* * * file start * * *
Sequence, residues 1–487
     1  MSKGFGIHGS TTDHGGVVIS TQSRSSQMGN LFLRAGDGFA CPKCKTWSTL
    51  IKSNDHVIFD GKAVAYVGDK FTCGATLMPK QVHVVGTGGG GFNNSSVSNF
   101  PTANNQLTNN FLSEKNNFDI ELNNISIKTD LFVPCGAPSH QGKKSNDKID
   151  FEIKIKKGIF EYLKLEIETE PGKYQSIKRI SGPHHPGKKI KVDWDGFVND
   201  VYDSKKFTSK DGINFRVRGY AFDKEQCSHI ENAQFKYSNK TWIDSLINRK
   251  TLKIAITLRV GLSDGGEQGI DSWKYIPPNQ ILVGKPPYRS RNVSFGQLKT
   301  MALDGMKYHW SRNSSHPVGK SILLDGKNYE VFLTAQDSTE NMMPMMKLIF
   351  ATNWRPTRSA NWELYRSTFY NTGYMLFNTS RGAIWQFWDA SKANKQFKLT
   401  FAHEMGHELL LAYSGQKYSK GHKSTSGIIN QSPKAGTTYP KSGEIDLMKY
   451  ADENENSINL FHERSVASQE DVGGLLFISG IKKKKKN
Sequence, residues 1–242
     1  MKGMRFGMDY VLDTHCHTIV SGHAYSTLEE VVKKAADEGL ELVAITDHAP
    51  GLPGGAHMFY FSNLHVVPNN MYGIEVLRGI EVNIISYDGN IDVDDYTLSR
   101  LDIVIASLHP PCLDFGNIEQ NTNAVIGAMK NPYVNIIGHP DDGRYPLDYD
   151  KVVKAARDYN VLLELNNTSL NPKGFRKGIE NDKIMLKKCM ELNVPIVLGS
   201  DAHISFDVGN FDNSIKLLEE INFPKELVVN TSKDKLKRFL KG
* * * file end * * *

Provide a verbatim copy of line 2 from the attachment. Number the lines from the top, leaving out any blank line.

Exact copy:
     1  MSKGFGIHGS TTDHGGVVIS TQSRSSQMGN LFLRAGDGFA CPKCKTWSTL